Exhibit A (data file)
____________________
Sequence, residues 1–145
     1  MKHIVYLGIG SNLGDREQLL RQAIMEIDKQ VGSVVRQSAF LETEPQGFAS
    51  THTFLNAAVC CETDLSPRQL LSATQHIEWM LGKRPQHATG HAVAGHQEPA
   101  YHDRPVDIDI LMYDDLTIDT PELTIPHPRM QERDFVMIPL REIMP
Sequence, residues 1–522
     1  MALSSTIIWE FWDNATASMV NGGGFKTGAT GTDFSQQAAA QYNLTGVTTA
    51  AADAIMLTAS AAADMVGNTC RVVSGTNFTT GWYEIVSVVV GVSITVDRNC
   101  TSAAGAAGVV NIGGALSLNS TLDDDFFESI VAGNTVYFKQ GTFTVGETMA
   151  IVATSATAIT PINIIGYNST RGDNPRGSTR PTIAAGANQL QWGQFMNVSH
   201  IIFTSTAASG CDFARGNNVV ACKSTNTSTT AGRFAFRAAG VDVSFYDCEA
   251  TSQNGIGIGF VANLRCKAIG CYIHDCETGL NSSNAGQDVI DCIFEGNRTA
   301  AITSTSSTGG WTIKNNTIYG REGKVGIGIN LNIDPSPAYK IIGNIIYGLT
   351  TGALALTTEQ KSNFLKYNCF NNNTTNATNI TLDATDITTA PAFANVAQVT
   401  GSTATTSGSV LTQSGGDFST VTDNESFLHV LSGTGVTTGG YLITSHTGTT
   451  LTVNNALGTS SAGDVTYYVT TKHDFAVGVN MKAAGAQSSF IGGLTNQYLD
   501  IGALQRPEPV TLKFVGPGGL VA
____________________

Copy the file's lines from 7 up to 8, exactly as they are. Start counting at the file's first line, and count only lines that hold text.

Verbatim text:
    51  AADAIMLTAS AAADMVGNTC RVVSGTNFTT GWYEIVSVVV GVSITVDRNC
   101  TSAAGAAGVV NIGGALSLNS TLDDDFFESI VAGNTVYFKQ GTFTVGETMA